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It's not only OK to steal DevOps ideas, it's encouraged!

DevOps requires a different way of thinking, organizing and communicating. Nowhere was that more clear than DevOpsDays Boston, where DevOps ideas burst from every session.

It's good when employees steal, at least according to Simon Wardley and his Pioneers, Settlers and Town Planners model. No, Wardley doesn't advocate raiding the office supply closet; he encourages organizational theft -- specifically, new processes and ideas.

In his DevOpsDays Boston keynote, "Settlers of DevOps," Rob Cummings, solution principal at Slalom Consulting, applied Wardley's thoughts to large and complex organizations, outlining how they can establish a "pull culture," free from mandates that might stymie DevOps ideas and innovation.

"I want to deliver customer value faster and more humanely," he remarked. "When we talk about faster, that's code for peak value, or cycle times, or make more money, or do more good. And then humanely: Don't burn people out while you're doing that. … How do you combine all of that to do better?"

Bimodal IT is one way. But it's split into modes: one is process-heavy and rigid, incentivized to focus inward on stability and not outward at customer need, and one is wholly separate trying out cool DevOps ideas and DevOps tools, but still limited by the former mode's inflexibility. 

Settling on DevOps

The problem: Bimodal IT is too simple for complex systems and large organizations. Complex systems require inputs, outputs and feedback loops, while bimodal IT restricts flow between the modes, resulting in stagnation.

"In summary, bimodal is an overly simplistic way to organize," Cummings continued.

And that's where the thieving comes in.

Better than bimodal

Rob CummingsRob Cummings

Wardley breaks individuals into three roles: Pioneers, Settlers and Town Planners.

Pioneers bring new ideas into an organization. They don't mind failing and often "live outside standards," Cummings explained. "Maybe think of this as shadow IT." They are driven by gut, not guided by metrics.

Settlers selectively improve upon the Pioneers' work where it makes the most sense and build trust through the organization. They adopt ideas but customize to make them their own, while focusing on continuous improvement.

If what the Town Planners are building isn't being used, they are not building the right thing and they need to re-examine that.
Rob Cummingssolution principal, Slalom Consulting

Town Planners focus on scale and creating commodities. They are driven by metrics and operational efficiency, and they build the services Pioneers rely on for future experimentation.

"It's a theft-based pull model. Nowhere in this model are things being pushed or mandated. In all cases, it's being pulled," Cummings told the crowd.

Each role steals ideas to make them their own, with reuse serving as feedback. According to Cummings, "If what the Town Planners are building isn't being used, they are not building the right thing and they need to re-examine that."

Finding unicorns

Pioneers, Settlers and Town Planners all bring valuable DevOps ideas and are all equally important to an enterprise or team. Each role requires excellent people with different skill sets. Perhaps unicorns, as described by Franklin Mosley, principal application security engineer at Ellucian, in his DevOpsDays Boston presentation "How To Make A Unicorn: Finding Cybersecurity Talent In The Real World."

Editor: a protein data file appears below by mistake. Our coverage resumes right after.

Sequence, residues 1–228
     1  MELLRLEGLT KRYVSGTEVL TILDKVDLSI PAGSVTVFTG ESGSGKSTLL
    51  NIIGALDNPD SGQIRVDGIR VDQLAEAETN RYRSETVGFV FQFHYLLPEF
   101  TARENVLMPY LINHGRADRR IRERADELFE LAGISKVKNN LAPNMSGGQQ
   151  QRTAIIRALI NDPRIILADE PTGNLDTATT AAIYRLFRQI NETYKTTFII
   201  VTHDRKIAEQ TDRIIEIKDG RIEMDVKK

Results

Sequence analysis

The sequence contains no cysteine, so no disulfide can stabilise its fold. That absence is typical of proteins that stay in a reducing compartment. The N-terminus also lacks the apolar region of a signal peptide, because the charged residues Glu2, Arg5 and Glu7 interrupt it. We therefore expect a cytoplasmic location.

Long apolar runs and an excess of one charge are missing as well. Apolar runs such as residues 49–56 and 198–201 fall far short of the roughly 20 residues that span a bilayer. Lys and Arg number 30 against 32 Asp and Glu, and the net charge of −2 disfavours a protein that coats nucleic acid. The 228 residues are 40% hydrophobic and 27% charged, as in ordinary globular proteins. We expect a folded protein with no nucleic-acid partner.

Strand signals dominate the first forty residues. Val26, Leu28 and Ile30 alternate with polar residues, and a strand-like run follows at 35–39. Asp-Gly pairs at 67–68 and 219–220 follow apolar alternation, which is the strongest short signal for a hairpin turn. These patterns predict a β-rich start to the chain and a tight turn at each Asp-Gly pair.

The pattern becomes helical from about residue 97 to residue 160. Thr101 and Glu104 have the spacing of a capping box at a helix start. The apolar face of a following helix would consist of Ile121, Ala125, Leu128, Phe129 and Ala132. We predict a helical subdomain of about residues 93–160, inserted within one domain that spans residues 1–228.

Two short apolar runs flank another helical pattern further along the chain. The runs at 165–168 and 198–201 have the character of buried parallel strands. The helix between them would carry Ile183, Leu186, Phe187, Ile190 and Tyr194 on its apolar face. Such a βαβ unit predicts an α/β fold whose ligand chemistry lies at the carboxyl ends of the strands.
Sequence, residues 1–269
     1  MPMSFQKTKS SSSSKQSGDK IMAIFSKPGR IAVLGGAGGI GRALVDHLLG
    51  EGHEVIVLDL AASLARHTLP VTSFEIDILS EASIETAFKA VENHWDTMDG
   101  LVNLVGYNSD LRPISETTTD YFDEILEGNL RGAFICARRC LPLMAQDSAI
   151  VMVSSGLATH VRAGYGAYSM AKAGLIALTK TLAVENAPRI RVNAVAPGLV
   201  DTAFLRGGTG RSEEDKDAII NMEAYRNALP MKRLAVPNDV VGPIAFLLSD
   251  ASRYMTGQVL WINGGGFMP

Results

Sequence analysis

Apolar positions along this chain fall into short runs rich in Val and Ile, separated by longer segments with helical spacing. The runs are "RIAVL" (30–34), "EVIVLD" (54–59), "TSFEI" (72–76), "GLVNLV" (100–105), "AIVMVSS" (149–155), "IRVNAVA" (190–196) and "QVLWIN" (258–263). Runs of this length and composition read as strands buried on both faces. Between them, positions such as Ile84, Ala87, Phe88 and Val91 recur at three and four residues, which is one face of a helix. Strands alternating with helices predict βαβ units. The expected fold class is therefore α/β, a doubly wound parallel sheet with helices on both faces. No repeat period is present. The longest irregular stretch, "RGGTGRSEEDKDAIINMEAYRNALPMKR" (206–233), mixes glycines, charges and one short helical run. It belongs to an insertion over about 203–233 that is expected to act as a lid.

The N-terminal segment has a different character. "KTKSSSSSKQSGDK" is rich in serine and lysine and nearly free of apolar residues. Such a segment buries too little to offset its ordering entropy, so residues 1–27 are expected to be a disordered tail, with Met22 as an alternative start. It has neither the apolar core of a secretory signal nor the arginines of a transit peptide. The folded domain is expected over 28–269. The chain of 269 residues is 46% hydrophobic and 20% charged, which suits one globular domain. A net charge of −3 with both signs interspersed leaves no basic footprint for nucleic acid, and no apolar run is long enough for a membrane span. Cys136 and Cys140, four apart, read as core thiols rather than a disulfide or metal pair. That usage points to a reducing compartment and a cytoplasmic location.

What's a unicorn? Mosley claims a unicorn:

  • Does what needs to be done
  • Has true grit
  • Knows his own value
  • Thinks big and small
  • Isn't limited by job title

Wardley would also like them to steal. And while Mosley specifically addressed cybersecurity talent, his advice looking outside traditional tech backgrounds for self-learners willing to mentor, while offering training, is applicable to any shop looking for DevOps engineers with DevOps ideas.

Context and knowledge

For Pioneers, Settlers, Town Planners and Unicorns all to flourish, it requires a nourishing company culture and communication structure -- two ever-present themes at DevOpsDays Boston and something Yulan Lin, software engineer at Valador Inc., touched on in her day two keynote, "The Curse Of 'Common Knowledge': Communicating For Clarity And Inclusivity."

"What does good communication look like? What does working with people well look like?" she asked.

According to Lin, four broad elements affect clear and inclusive communication:

  1. Curse of knowledge: Particularly, insider acronyms, jargon and processes. It's really hard to remember what it was like before you knew something.
  2. Code switching: Jumping between contexts and recognizing "my context" might not be the same as "your context." The same word can have different meanings depending on the context.
  3. Culture and norms: Understanding your shared contexts, which are not immediately apparent to outsiders.
  4. Power dynamics: What does it look like for people of power to create a shared context?

In regards to culture, Lin asked, "What are things you find cultural or normative for your particular organization or team that are in some ways unique?"

Going back to Wardley's Pioneers, Settlers and Town Planners, it's easy to see where cultural norms come into play. What kind of organization encourages thieving and pulling, but frowns upon pushing?

Here, Lin's advice for those with the curse of common knowledge rings particularly true. "Context is huge; questions are huge; both how we ask and answer them, as is trying to be precise in our communication, because we understand context."

This was last published in September 2017

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